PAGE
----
While it’s been known for quite some time that increased exposure to ultraviolet (UV) rays increases a person’s chances of developing skin cancer, no link has ever been found between precipitation and cancer risk, until now… A new study has revealed a potential link between living in cold, wet regions and increased cancer prevalence. The study, the results of which are published in the journal Environmental Engineering Science, is the first in the United States to check if a relationship exists between cancer rates, precipitation, and climate zone. To find out, the scientists collated data on breast cancer, colorectal cancer, lung cancer, ovarian cancer, and prostate cancer. They also used county-level data relating to cancer incidence, climate, and demographics. Having adjusted for age, gender, ethnicity, income level, population age, and diversity, the scientists identified a strong association between increased precipitation and an increase in incidence of all cancers. While it is important to note that not all cancer types were included in the analysis, the findings are still significant and strongly suggest climate zone is a risk factor for many cancers.
An innovative new blood test can detect breast cancer up to 5 years before symptoms appear, researchers say. Developed by a team at the University of Nottingham, England, the new blood test identifies specific immune system ‘autoantibodies’, which are produced when tumor-associated antigens (TAAs) are present – like those produced by breast cancer cells. While the test is still only partially effective, it could eventually provide the best chance of detecting breast cancer early, enabling faster treatment and a greater chance of success. In the pilot study, the researchers took blood samples from 90 breast cancer patients when they were diagnosed with breast cancer. They then matched these samples with ones from 90 patients without breast cancer. Then, they used a technology called protein microarray to test the blood samples for the presence of autoantibodies and 40 TAAs associated with breast cancer, plus another 27 TAAs that were not known to be linked with the disease). The researchers used a technology called protein microarray to rapidly test the blood samples for autoantibodies against 40 TAAs associated with breast cancer, plus another 27 TAAs that were not known to be linked with the disease. Speaking last Sunday at the U.K. National Cancer Research Institute conference in Glasgow, Scotland, researcher Daniyah Alfattani, a Ph.D. student at the University of Nottingham's Centre of Excellence for Autoimmunity in Cancer (CEAC), said: “The results of our study showed that breast cancer does induce autoantibodies against panels of specific tumor-associated antigens. We were able to detect cancer with reasonable accuracy by identifying these autoantibodies in the blood.” At present, annual mammograms are the best way for doctors to detect the presence of breast cancer while in its early stages.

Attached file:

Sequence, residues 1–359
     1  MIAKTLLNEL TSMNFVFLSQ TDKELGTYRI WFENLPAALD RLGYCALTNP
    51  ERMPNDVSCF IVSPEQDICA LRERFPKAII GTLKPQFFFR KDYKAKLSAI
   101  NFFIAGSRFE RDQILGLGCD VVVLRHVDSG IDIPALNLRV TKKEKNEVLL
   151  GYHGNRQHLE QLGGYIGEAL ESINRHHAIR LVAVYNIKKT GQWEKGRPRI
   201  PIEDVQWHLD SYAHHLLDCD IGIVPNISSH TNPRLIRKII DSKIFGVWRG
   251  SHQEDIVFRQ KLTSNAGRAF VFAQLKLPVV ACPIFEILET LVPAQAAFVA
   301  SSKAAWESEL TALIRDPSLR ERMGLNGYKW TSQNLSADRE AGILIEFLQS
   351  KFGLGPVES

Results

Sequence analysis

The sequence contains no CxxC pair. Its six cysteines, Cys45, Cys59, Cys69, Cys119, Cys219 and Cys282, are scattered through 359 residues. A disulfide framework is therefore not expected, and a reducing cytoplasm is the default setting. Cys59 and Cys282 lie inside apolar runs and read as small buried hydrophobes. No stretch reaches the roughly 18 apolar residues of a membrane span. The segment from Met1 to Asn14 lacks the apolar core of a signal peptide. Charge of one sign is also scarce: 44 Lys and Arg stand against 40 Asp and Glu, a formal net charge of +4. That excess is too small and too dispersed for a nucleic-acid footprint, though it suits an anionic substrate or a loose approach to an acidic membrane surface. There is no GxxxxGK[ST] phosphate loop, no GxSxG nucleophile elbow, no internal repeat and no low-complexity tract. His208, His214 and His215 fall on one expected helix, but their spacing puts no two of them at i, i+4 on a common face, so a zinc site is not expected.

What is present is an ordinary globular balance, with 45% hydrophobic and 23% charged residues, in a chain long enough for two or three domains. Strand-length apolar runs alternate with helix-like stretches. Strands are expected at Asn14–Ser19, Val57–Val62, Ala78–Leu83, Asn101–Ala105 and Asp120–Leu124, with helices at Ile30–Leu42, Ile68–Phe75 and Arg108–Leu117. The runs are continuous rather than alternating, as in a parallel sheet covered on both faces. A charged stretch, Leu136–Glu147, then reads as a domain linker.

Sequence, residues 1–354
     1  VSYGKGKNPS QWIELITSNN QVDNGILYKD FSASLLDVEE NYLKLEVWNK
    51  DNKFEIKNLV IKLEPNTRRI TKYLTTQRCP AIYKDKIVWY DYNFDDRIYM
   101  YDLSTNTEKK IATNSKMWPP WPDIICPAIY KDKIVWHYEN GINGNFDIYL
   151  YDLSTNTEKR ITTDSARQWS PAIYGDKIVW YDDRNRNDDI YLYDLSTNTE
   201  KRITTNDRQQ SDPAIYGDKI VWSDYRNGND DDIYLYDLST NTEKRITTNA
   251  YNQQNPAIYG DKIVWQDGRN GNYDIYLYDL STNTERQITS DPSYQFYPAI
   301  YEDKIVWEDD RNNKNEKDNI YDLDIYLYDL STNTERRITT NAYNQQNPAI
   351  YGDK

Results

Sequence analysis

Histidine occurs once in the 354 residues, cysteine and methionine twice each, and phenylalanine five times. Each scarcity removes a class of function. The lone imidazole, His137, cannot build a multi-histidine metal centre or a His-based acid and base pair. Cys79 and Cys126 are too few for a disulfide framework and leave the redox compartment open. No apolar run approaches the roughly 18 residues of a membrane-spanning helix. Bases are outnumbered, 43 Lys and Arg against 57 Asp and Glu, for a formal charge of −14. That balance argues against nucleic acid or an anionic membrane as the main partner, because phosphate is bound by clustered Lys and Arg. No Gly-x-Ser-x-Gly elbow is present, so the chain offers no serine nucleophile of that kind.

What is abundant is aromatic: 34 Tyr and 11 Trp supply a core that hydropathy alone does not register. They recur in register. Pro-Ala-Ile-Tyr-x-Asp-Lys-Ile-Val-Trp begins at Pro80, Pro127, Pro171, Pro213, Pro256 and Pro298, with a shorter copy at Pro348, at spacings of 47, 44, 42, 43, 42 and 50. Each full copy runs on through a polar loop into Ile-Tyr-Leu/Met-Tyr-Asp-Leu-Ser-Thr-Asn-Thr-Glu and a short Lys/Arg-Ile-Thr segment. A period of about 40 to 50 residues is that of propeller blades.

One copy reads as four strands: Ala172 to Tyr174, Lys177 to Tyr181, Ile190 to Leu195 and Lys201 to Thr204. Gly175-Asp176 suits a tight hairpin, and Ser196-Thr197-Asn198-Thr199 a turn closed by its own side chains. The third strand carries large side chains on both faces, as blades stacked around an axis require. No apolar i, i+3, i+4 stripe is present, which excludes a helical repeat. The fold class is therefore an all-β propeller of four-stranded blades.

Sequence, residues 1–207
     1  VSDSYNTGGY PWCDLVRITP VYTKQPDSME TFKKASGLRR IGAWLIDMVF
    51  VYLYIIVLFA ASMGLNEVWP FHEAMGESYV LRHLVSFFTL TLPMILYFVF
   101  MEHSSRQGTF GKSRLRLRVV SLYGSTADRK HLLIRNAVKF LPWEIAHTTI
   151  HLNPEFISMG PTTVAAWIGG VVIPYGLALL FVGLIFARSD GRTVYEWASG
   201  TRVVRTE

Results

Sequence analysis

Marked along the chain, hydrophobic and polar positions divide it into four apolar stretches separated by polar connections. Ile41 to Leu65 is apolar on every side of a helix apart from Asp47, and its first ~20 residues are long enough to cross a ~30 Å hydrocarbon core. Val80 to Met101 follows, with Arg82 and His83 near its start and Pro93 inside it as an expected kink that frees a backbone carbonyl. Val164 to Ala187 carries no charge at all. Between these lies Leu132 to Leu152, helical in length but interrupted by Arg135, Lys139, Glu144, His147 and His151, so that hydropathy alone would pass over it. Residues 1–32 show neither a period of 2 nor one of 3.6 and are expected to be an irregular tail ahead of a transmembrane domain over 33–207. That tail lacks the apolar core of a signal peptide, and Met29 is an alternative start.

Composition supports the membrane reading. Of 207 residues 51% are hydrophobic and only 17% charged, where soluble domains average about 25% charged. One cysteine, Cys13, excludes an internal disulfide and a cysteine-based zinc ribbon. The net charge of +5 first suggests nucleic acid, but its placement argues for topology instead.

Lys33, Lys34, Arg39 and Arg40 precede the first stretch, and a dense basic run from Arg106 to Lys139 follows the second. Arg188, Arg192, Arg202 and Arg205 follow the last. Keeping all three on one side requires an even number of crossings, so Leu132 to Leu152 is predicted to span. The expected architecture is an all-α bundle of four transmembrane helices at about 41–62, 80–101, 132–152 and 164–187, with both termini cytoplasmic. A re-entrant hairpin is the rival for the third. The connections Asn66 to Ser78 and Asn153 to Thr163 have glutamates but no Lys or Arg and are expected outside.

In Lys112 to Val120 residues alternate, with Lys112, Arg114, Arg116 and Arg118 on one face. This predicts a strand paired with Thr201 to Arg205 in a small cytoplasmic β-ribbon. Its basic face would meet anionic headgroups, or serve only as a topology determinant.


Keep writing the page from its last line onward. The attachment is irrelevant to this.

Male breast cancer is pretty rare. In fact, it accounts for just 1% of all breast cancer cases. That’s why very few studies have looked at what factors can lead to more positive outcomes for patients. To address this reality, researchers from Mayo Clinic in Rochester, Minnesota, have conducted one of the largest male breast cancer studies to date, the findings of which are published in the journal Cancer. The researchers found that 51% of male breast cancer diagnoses occurred between the ages of 50 and 69, and that the average age of diagnosis was 64. In fact, only 15% of the patients were diagnosed before the age of 50. Interestingly, the study authors found that black men, older patients, individuals with other ongoing health issue and those with higher tumor grade and stage had poorer prognoses. Furthermore, they found that patients who underwent a full mastectomy also had poorer outcomes. The prognosis was better for patients who lived in wealthier areas, whose tumors carried the progesterone receptor and men who received radiation therapy, chemotherapy or anti-estrogen therapy. While female breast cancer treatment has improved dramatically over the years, the study authors say it is unclear whether these advancements have been applied to the management of male breast cancer too. Two of the reasons for this are because male breast cancer usually occurs later in life and it commonly spreads to the person’s lymph nodes. The researchers hope their paper will shine some more light on this little known condition and lead to better outcomes for patients going forward.